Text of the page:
- Open Access
DNA hypomethylation of the COX-2 gene promoter is associated with up-regulation of its mRNA expression in eutopic endometrium of endometriosis
© Wang et al.; licensee BioMed Central Ltd. 2012
- Received: 12 December 2011
- Accepted: 10 April 2012
- Published: 18 May 2012
Accumulated evidence reveals that cyclooxygenase-2 (COX-2) was overexpressed in eutopic endometrium of endometriosis, which may play a critical role in the pathogenesis of endometriosis. However, few studies have been performed to explore the molecular mechanisms underlying the abnormal high expression of COX-2 in endometriosis. Considering the fact that a number of recent studies have shown DNA methylation affecting some genes in endometriosis, the present study was therefore aimed to determine whether the observed high expression COX-2 in endometriosis is caused by the hypomethylation of CpG island within the promoter of this gene.
The endometrial tissues were collected from 60 women with endometriosis (endometriosis group) and 20 women without endometriosis (control group). The methylation status of COX-2 was examined by methylation specific PCR. Quantitative real-time RT-PCR was performed to measure COX-2 mRNA level in endometrial tissues.
The frequency of promoter hypermethylation of COX-2 was lower in eutopic endometrium of the endometriosis group (41.7%) than that in the control group (75.0%), P < 0.05. COX-2 mRNA level in the eutopic endometrium of the endometriosis group was 2.61-fold higher than that in the control group (P < 0.01). COX-2 mRNA level in unmethylated endometrium of the endometriosis group or the control group was 2.39-fold and 2.66-fold, respectively, higher than that in the methylated endometrium of the same group (P < 0.01).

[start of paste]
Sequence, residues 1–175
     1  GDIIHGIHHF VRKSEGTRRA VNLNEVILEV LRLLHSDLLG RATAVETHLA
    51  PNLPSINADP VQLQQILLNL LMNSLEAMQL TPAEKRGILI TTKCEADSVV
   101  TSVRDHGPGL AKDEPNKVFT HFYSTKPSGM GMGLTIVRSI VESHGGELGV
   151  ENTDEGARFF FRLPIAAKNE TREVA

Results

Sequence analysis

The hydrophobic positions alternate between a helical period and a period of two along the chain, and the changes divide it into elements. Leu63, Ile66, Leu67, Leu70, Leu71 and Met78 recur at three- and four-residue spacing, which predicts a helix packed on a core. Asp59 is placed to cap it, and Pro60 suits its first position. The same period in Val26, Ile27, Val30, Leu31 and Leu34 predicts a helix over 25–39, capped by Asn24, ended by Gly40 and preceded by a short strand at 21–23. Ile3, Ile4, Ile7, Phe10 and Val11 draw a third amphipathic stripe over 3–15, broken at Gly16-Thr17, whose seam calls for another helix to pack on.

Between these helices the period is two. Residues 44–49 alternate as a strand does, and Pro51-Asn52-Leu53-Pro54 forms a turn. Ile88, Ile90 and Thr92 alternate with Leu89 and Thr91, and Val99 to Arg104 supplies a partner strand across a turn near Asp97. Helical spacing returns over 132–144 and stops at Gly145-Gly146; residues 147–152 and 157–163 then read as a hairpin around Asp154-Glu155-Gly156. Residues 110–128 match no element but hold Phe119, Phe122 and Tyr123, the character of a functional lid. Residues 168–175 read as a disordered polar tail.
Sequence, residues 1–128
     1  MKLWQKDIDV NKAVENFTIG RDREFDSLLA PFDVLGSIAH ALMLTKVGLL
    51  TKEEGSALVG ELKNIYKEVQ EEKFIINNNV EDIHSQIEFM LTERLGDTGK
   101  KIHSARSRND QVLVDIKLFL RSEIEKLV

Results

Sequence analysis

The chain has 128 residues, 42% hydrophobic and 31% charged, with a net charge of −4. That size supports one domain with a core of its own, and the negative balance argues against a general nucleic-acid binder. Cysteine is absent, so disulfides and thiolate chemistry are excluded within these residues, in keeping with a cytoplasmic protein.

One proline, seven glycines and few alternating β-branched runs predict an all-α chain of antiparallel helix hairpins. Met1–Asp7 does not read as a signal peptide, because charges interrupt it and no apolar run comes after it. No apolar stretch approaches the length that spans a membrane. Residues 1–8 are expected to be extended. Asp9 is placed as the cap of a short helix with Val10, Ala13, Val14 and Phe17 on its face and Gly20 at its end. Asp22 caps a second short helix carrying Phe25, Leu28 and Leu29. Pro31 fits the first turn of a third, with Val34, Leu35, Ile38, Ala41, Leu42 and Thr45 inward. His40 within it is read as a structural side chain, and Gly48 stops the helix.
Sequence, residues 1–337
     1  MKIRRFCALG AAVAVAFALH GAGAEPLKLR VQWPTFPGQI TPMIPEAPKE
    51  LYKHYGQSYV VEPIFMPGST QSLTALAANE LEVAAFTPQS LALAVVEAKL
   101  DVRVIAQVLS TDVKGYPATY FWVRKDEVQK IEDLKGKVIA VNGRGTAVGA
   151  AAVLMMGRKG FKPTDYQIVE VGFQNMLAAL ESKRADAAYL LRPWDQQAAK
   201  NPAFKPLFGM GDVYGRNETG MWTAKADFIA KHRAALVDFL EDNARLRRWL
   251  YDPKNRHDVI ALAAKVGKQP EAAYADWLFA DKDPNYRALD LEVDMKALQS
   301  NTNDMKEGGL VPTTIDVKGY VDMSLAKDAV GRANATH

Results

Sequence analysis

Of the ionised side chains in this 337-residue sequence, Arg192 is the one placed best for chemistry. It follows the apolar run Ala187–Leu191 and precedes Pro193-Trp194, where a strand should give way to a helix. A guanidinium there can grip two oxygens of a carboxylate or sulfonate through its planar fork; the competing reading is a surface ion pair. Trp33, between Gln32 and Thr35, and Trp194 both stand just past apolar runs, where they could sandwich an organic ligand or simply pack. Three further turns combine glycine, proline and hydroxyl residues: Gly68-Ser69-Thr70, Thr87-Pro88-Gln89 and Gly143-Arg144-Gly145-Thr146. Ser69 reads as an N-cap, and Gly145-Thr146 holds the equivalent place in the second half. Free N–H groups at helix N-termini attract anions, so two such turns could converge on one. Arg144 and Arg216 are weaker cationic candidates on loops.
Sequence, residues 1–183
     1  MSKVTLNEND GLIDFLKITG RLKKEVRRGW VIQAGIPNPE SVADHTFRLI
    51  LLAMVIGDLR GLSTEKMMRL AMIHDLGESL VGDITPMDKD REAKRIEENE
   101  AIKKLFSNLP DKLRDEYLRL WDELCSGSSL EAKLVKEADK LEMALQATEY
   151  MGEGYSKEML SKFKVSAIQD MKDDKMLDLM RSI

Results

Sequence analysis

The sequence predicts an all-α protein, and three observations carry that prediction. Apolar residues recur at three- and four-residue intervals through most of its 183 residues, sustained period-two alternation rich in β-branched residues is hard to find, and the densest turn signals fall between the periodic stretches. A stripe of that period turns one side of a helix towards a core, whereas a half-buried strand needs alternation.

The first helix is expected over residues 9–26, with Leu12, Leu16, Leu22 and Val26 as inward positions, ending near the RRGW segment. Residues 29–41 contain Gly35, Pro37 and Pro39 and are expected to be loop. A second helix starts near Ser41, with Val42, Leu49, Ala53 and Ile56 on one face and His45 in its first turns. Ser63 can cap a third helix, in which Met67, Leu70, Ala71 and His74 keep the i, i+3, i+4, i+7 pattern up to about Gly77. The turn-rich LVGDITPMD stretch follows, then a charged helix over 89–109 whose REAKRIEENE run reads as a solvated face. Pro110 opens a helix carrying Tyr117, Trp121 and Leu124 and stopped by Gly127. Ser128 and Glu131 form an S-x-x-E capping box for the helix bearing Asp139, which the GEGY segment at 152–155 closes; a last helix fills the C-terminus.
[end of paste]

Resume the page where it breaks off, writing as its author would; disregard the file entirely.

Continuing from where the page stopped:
The hypomethylation within the promoter of COX-2 may be responsible for the elevated gene expression in eutopic endometrium of endometriosis.
- DNA hypomethylation
- COX-2 mRNA expression
Endometriosis is an estrogen-dependent gynecological disorder that affects 6-10% of women of reproductive age. It is characterized histologically by the presence of endometrial tissue at sites outside of the uterine cavity, primarily on the pelvic peritoneum and ovaries, resulting in severe pelvic pain, pain during intercourse, and infertility [1, 2]. To date, the etiology and pathogenesis of endometriosis remain largely unknown. Endometriosis is a benign gynecological disease with malignant behaviors, such as enhanced proliferation and cell invasion, ectopic implantation of distant organs similar to the tumor metastasis. The eutopic endometrium of patients with endometriosis has various alterations compared with endometrium of healthy women . Aberrant expression of genes in eutopic endometrium was reported be involved in cell adhesion, invasion, and angiogenesis, therefore it was quite critical to the pathogenesis of endometriosis [4–6].
The ectopic endometrium of endometriosis often behaves unpredictably; it can vary from microscopic foci to large, grossly visible, endometriotic cysts, which leads to difficulties in research, diagnosis, and treatment. Eutopic endometrium of endometriosis is readily available and gene alteration in the eutopic endometrium can be easily detected. Identification endometriosis-related genes in eutopic endometrium will further reveal the pathogenesis of endometriosis and offer the basis for targeted gene diagnosis and therapy of endometriosis. In the previous study, we identified 10 up-regulated genes in the eutopic endometrium of endometriosis during the secretory phase using cDNA-RDA and found that cyclooxygenase-2 (COX-2) was one of the up-regulated genes . As the key enzyme in the conversion of arachidonic acid to prostaglandins (PGs), COX-2 can be induced by growth factors, oncogenes, and tumor promoters, and has been mainly associated with the inflammatory response . Its elevated expression in the eutopic endometrium has also been reported to be associated with endometriosis [9, 10]. However, the underlying mechanism of overexpression of COX-2 in eutopic endometrium of endometriosis has not been well defined.